Indismart Hotel, Sector V
When: April 15, noon to 4pm; 7-11pm (tables by reservation only)
Pocket pinch: Rs 1,199
What: The Bengali buffet spread will serve everything from authentic Katla Machher Kalia to Kucho Chingri diye Echor Masala but the chefs — Wahab and Bidyut — are sure it’s the Mutton Biryani and Chicken Chaanp that will prove to be the most popular. “Bengalis cannot imagine a feast without biryani these days,” smiles Wahab, promising a superb dum biryani.
On the drinks and snacks menu they have dishes like Aam Pora Shorbot and Narkeli Mochar Chop but again, the chefs’ money is on Phuchka! “This is another snack no one can resist,” chef Wahab laughs, adding that the live counter will serve phuchkas with three kinds of flavoured water — tamarind, mint and an Oriental one flavoured with lemon grass.
For dessert, do try the Mishti Doi, Mouri Malpua and Kamala Bhog among the options.
Resto speak: “Recent sales figures are proof that things are back to normal after the pandemic and we stuck to a more or less authentic Bengali platter as on festive days, customers crave a taste of familiarity,” says group general manager Biswarup Biswas.
Fish Tikka BiryaniSourced by the correspondent
When: Till April 17, noon to midnight
Pocket pinch: Rs 620 for the Bengali-Mughlai thali
What: Does your mind want to celebrate with Bengali food today but your heart crave biryani? Go for the Bengali-Mughlai thali at Karim’s that offers Basanti Pulao with Mutton Bhuna. “The sweet pulao and spicy onion-based mutton combination works well,” says Souvik Mukherjee, who runs the outlet. A chicken option will also be available along with paraphernalia like aam pora shorbot and chutney.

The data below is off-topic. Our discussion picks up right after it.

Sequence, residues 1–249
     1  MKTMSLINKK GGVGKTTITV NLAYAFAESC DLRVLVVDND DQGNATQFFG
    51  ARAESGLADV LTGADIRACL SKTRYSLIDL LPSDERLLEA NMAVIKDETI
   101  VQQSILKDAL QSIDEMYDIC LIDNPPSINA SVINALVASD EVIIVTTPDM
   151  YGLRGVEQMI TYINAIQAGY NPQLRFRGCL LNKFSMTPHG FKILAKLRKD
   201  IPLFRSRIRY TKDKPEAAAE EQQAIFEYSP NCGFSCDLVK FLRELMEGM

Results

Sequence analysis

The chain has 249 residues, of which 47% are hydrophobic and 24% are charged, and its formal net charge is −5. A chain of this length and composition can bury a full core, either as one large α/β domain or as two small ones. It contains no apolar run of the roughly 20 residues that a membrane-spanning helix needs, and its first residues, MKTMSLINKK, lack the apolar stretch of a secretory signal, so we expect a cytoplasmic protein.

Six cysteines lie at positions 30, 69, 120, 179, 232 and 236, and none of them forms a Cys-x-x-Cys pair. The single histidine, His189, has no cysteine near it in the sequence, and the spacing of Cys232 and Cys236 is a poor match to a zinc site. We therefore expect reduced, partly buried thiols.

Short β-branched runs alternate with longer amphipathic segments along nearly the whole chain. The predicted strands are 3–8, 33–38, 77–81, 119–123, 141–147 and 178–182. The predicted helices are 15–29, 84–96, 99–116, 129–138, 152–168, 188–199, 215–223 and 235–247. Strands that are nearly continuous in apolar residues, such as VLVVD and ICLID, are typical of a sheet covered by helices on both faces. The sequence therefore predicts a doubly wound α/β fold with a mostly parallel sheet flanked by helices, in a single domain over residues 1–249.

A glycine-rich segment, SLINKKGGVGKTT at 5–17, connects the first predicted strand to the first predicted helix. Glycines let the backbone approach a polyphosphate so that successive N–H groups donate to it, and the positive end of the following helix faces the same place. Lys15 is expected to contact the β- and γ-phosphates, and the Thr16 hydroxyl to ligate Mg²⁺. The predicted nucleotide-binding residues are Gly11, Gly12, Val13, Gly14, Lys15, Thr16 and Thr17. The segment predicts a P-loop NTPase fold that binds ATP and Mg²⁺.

With this festival the restaurant is also introducing some dishes on its permanent menu, like Fish Tikka Biriyani which is bhekti tikka cooked in the biriyani rice. Chicken Tikka Biryani is prepared in the similar way. Mutton Boti Biryani will have chunks of boneless mutton in the biriyani and Mutton Raan Biryani (Rs 760).
“This portion is so generous that we have announced a contest over it. Anyone who can finish the dish by himself will get a spot prize and a 10 per cent discount on their next visit,” laughs Mukherjee. And given how popular their kebabs are, a Baadshah Kebab Platter is being introduced with two pieces each of two different kinds of fish, chicken and mutton kebabs.
Resto speak: “It’s been six months since we opened our outlet and we've seen how demand surges on festive days. Mutton is what we are best known for but since Bengalis also crave fish we decided to introduce some fish items this time,” says Mukherjee.
Gallery 67, Ultadanga
Kesar Paneer TikkaBrinda Sarkar
When: April 15 to 17; 12.30 to 3.30pm, 7.30 to 10.30pm (tables by reservation only)
Pocket pinch: Rs 839
What: Expect heritage recipes like Thakur Barir Shuktoni, that is prepared with unlikely ingredients like coconut, posto and radhuni spices. The spicy Dhakai Bhuna Murgi will have thick gravy made of cashews and char magaj. “Another rare dish on offer is the Deshi Murgir Surua, where the bones of the chicken will be cooked till they dissolve in a light broth. Coriander, ginger, garam masala and the meat itself is added later to this preparation,” says executive chef Sujan Sarkar.